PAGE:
Two key US senators accused China of hampering a congressional probe into how counterfeit electronics ended up in the US military supply chain by denying entry visas to investigators.
“I can’t say that I’m surprised, but I surely am disappointed, and it’s not in their interest,” Democratic Senate Armed Services Committee Chairman Carl Levin told reporters. “I am disappointed that they don’t see that.”
“The United States and China are not destined to be adversaries. We have overlapping interests and this is actually one of them,” said Senator John McCain, the top Republican on Levin’s panel.
The senators also said China had required that government minders attend any interviews conducted in China as part of the investigation, which was announced in March, but agreed that request was a “non-starter.”
Levin and McCain said that they had worked for weeks to get entry visas for staff to visit the city of Shenzhen in Guangdong province, which they described as the epicenter of the fake parts trade based on US government reports.
“We are not confirming guilt or innocence, but there are sufficient allegations,” said McCain, who warned that at stake was “the ability of this country to defend itself with weapons systems that it can rely on.”
US defense contractors and component distributors “almost totally and exclusively point to China, specifically the city of Shenzhen in Guangdong province, as a source of counterfeit electronic parts,” said Levin.
The Democrat said the investigators would meet with the US consul general in Hong Kong early Wednesday as part of a last-ditch attempt to secure the necessary visas for what he said would be a one- or two-day visit.
“Our staff has been told that the trade in counterfeit electronic parts takes place openly in that city and in that province, and they plan to travel to that city to make a firsthand assessment,” said Levin.
Wang Baodong, a spokesman for the Chinese embassy in Washington, said that the issue “involves law enforcement and China’s judicial sovereignty, which should be respected.”
“We’ve been telling the congressmen’s offices that such issues are supposed to be raised through the normal channel of China-US law enforcement cooperation, and we’re ready to stay in touch with the US side,” Wang said.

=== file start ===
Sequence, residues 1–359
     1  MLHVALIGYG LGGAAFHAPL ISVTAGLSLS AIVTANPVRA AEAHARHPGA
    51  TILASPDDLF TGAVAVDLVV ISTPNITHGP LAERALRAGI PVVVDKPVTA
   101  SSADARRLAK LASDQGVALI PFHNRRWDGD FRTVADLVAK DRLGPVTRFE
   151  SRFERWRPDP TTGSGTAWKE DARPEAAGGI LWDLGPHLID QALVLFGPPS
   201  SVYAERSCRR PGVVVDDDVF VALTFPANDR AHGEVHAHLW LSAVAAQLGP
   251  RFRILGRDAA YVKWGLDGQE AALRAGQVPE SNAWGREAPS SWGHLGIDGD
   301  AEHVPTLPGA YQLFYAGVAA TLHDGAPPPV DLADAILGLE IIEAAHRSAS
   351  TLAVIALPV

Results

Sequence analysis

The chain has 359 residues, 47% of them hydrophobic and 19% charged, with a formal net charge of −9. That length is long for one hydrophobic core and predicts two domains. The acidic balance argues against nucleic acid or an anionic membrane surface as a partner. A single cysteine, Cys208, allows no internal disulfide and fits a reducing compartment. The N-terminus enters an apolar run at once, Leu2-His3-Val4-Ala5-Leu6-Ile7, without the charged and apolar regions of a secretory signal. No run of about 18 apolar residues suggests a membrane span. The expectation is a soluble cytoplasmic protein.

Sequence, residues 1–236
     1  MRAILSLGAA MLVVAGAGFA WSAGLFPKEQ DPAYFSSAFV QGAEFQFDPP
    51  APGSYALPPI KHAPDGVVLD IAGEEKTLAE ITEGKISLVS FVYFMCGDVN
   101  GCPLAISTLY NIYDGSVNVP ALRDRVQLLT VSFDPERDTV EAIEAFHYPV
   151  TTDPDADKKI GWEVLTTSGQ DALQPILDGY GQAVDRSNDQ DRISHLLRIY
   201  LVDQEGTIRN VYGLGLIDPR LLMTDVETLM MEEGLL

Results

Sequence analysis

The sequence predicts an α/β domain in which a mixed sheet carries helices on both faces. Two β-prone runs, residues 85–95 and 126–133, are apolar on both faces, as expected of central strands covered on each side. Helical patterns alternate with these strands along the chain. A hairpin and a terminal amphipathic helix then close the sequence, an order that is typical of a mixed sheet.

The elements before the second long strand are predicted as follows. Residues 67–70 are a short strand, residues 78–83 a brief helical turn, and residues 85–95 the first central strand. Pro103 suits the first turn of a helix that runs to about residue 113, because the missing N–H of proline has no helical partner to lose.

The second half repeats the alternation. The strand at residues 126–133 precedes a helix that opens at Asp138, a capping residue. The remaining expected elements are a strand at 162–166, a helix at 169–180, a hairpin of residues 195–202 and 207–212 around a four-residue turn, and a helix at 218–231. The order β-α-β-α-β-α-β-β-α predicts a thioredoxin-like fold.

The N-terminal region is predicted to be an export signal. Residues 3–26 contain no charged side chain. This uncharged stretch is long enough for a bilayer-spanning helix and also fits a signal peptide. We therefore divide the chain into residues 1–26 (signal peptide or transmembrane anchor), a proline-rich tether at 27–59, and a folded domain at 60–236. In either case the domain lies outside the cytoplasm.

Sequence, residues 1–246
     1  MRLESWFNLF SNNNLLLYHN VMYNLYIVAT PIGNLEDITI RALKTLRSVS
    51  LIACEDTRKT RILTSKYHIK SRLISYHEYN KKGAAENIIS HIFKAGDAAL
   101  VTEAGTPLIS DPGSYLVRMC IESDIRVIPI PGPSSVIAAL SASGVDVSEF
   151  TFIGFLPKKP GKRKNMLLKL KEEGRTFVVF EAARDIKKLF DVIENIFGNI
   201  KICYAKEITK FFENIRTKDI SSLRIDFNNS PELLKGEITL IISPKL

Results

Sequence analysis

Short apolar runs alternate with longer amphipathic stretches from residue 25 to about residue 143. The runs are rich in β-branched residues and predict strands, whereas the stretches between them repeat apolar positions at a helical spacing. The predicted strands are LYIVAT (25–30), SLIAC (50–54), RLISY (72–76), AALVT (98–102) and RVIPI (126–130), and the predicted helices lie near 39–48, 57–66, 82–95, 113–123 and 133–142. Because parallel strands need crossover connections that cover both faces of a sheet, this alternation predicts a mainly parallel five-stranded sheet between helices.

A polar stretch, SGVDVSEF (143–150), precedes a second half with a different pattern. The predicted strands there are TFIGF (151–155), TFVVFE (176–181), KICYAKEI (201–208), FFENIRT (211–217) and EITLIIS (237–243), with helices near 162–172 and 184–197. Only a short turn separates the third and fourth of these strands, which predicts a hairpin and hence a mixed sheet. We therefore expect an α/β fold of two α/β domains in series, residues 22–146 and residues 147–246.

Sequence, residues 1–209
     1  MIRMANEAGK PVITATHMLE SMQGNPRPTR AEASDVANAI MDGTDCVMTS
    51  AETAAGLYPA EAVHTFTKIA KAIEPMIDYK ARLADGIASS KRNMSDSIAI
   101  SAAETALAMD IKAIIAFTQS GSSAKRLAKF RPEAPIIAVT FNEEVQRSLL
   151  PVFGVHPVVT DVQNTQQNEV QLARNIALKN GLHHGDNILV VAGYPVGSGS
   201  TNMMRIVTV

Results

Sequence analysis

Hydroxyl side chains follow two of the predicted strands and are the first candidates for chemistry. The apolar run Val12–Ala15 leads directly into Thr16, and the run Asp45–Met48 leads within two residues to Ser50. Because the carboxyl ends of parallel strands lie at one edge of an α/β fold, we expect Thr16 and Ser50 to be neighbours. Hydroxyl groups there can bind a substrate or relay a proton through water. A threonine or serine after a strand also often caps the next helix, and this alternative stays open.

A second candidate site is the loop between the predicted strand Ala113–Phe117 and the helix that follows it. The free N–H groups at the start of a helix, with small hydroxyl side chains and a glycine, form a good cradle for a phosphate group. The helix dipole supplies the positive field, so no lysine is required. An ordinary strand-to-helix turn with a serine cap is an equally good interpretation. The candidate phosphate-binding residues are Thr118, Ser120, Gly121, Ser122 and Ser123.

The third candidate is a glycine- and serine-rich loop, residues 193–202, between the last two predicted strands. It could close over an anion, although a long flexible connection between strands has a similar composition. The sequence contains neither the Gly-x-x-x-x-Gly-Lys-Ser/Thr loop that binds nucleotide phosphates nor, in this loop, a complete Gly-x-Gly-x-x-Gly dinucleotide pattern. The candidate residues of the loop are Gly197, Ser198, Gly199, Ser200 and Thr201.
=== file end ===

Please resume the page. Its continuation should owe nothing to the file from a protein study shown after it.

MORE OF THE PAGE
McCain, asked by AFP what would happen if Beijing continues to block the trip, said: “I would guess that we will then complain about it but then also we’ll seek further investigation on this issue.”
He noted that a 2010 report by the Government Accountability Office — the US Congress’s investigative arm — on the issue “didn’t get Chinese cooperation.”
Levin said that report found that counterfeit electronics had “infiltrated” the Pentagon’s supply chain, including microprocessors for the F-15 fighter jet and microcircuits for US Missile Defense Agency hardware.
Levin also pointed to a January 2010 US Commerce Department report that surveyed 400 companies that “overwhelmingly cited China” as the source for counterfeit electronics.
“It should be in China’s interest not to have counterfeiting of these electronic parts going on, because it would harm legitimate Chinese companies as well,” said McCain.
“So I hope that the Chinese will recognize that this is in both countries’ interests to track down allegations that have been made,” he added.
Observers of US politics expect to hear more anger directed at Beijing as the 2012 US presidential election campaign heats up against the backdrop of stubbornly high unemployment often blamed here on China’s economic rise.